It’s World Book Day – a celebration of all things literary in which children across the country head out in droves dressed as their favourite characters.
Alongside great characters and magical stories, fiction has notable, spectacular and (in the case of Titus Andronicus) some downright gruesome baked goods – from Paddington’s beloved marmalade sandwiches to the gingerbread house from Hansel and Gretel.
Here are some of our favourites:
Chocolate cake – Matilda, Roald Dahl
Not all heroes wear capes. Literal blood, sweat and tears go into the monstrous chocolate cake that poor Bruce Bogtrotter is made to devour at Miss Trunchbull’s behest in Roald Dahl’s Matilda. The task of wolfing down an entire sharing-size cake was supposed to be a punishment for Bruce’s delinquency in which he stole a slice of his head teacher’s prized treat. Nevertheless, he triumphs.
Lembas bread – Lord of the Rings, JRR Tolkien
How do you sustain a hungry Hobbit in search of adventure? Lembas bread of course! Also known as Elven bread or Waybread, it will keep fresh for months and is designed to be eaten a little at a time, satisfying even the biggest of appetites (well, perhaps not Pippin and Merry’s). Described in The Fellowship of the Ring as a cake not a bread, recreations often see the addition of honey, butter and flour to create an almost shortbread-like treat.
Pumpkin pasties – Harry Potter, JK Rowling
Regardless of whether you are a Hufflepuff, Gryffindor, Slytherin or Ravenclaw, everyone loves a pumpkin pasty on board the Hogwarts Express. There’s also a myriad of sweet and savoury baked goods cooked up by the house elves at Hogwarts, including treacle tarts. Even Hagrid slips on a pinny occasionally, whipping up his infamous rock cakes and, of course, the ‘Happee birthdae Harry’ cake.
Marmalade sandwiches – Paddington, Michael Bond
Paddington is famed for his love of marmalade sandwiches. And who can blame him? The simplicity of two slices of white bread, a smidge of butter and a hearty helping of marmalade is enough to make any bear feel right at home, whether in London or deepest darkest Peru.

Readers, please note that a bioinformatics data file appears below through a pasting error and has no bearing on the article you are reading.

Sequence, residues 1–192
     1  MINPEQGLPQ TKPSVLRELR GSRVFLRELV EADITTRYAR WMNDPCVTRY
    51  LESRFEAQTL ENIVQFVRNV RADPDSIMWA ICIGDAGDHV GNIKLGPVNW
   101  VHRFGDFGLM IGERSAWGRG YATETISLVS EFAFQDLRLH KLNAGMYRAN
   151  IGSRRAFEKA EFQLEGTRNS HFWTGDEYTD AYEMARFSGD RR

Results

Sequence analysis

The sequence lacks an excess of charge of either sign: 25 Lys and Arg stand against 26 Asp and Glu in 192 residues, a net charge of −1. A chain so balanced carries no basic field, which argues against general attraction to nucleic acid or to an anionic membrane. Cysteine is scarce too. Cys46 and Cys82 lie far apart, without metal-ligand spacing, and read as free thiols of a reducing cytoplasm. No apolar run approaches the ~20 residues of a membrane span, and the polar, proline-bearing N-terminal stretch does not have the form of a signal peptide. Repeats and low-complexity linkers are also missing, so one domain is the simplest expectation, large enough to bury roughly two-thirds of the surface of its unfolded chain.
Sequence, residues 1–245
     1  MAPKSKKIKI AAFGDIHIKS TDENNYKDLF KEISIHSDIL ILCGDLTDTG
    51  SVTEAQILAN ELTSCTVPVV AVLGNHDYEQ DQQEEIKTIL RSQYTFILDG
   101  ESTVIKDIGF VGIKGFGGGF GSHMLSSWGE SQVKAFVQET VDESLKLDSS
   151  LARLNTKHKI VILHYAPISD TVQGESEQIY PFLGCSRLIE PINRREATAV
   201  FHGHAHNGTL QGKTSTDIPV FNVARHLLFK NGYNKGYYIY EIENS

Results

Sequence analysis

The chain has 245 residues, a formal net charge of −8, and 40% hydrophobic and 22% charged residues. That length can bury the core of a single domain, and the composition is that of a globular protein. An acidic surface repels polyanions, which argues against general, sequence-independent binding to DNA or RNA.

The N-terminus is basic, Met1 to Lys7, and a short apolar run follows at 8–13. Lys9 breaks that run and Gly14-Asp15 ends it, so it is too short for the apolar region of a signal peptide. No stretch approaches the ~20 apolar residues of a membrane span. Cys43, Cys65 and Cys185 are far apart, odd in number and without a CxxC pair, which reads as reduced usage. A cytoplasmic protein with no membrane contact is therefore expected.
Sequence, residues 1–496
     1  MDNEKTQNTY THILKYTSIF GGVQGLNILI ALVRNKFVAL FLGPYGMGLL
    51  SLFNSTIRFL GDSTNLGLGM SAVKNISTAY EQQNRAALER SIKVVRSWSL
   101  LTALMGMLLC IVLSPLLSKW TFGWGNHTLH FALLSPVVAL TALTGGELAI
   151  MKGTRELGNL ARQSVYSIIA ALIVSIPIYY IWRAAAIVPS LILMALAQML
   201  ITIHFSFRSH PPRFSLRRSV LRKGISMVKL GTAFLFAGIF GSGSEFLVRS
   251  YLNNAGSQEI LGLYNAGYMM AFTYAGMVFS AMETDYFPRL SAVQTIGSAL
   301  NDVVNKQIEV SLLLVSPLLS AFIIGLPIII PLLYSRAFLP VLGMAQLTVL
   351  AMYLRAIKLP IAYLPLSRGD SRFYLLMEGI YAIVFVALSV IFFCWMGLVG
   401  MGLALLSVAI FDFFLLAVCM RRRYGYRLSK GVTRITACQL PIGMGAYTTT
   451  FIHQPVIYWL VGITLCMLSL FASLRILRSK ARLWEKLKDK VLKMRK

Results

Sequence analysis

Son pie – Titus Andronicus, William Shakespeare
Definitely the most gory and least appetising one on the list, is son pie. Thought to be Shakespeare’s first tragedy, Titus Andronicus is set in the Roman Empire and tells the story of a general named Titus who is engaged in a cycle of revenge with Tamora, Queen of the Goths. The story culminates in Titus killing Tamora’s sons and baking them in a pie, which he serves to her. Needless to say, this is one literary baked good you won’t want to serve up.
Cherry pie – The Very Hungry Caterpillar, Eric Carle
Fruit clearly doesn’t cut it and after an apple, two pears, three plums, four strawberries and five oranges, The Very Hungry Caterpillar turned to something more substantial – a chocolate cake, a cupcake and a slice of cherry pie. With all that, alongside salami, watermelon, lollipop, a pickle and cheese, it’s no wonder he ended up with a stomach ache!
Gingerbread house – Hansel & Gretel, Brothers Grimm
Who wouldn’t want to go nibbling at a life-size gingerbread house they find in the woods? Sure, it’s a little creepy and, realistically, if it hasn’t already been devoured by the local wildlife, it would have probably crumbled in the rain. Regardless, candy windows, soft gingerbread and other edible decorations are clearly enough to tempt in children like Hansel and Gretel.
Sansa’s Lemon cakes – A Song of Ice and Fire, George RR Martin
Everyone needs a little sweetness in their life, particularly if most of your family has been brutally murdered, sent to the Wall or are missing. Lemon cakes are said to be Sansa Stark’s favourite sweet treat. Unlike the lemon drizzle loaves designed to be shared, these expensive treats (at least in the Seven Kingdoms) are often enjoyed by upper-class noblewomen and are individually portioned. They’re definitely more tempting than the Dothraki blood pie.
Miss Havisham’s wedding cake - Great Expectations, Charles Dickens
Wedding cake lasts a long time but it’s still probably best to give this one a miss. The heartbroken Miss Havisham was left at the altar and proceeded to become a shut-in – she didn’t even remove her wedding dress. Instead, she allowed her cake, and mansion, to decay around her.
Dwarven bread – Discworld, Terry Pratchett
No one ever goes hungry when they have some dwarf bread to avoid. Look at it for a moment and instantly there are a dozen things you’d rather eat – your boots, for example. As undesirable as it is, partly because it contains rocks, dwarf bread makes for a great weapon and is primarily used as such. It can be crafted into boomerang biscuits, drop scones and even close-combat crumpets.